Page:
The silent explosion of log management
Those mundane text messages produced by every conceivable technology device are growing like a proverbial weed.
What's the fastest-growing data source at large organizations? Video? Maybe at YouTube, but not at Citibank. The answer is log files. Yup, those mundane text messages produced by every conceivable technology device are growing like a proverbial weed.
Why the? First off, every IT shop has more and more devices to manage each day, and more devices mean more logs. In the past, most IT managers paid limited attention to logs, but this too has changed. Driven by security monitoring, regulatory compliance reporting, and IT troubleshooting, large organizations now aggregate, analyze, store, and archive terabytes of log data every month. Indeed, the log management snowball is rolling down a very steep and very snowy hill.
It's certainly time that the IT industry recognizes that log management is no longer a tactical domain of IT administrators. Rather, think of log management as the foundation of a Network Information System (NIS). Analysis of log data (as well as other data sources like NetFlow and SNMP) is quickly becoming the difference between effective IT security/operations management and flying blind.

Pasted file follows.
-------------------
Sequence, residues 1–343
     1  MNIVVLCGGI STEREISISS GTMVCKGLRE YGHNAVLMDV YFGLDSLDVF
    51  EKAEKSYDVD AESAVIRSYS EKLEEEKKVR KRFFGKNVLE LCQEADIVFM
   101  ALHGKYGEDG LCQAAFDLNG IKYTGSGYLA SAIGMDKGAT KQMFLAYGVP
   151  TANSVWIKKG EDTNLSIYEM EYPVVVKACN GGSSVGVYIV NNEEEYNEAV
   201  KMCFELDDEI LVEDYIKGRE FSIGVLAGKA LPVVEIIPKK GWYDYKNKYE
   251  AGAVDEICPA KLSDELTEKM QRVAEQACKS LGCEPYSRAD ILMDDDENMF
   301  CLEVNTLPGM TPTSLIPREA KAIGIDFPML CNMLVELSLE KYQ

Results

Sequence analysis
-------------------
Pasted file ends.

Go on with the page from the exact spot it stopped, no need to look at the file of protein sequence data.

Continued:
As log management gains strategic importance, look for the big guys to swoop in. EMC/RSA and IBM are already there, and HP is working with SenSage on its play. There are also several strong pure plays including ArcSight, LogLogic, and LogRhythm. All this said, where is everyone else? Log management seems like a natural for Cisco Systems, especially in concert with its whole Data Center 3.0 initiative. Symantec is also missing from the party thus far, as is CA, McAfee, Microsoft, and loads of others.
Logs seem trivial, and log management appears like a tactical task at the bottom of the IT stack. Maybe in the past this was true, but in today's world, information is power and logs are device-specific information. Aggregate these logs, add some intelligence, and provide tools for analysis, and you get a great temperature reading of what's going on across the IT system. Seems pretty important to me.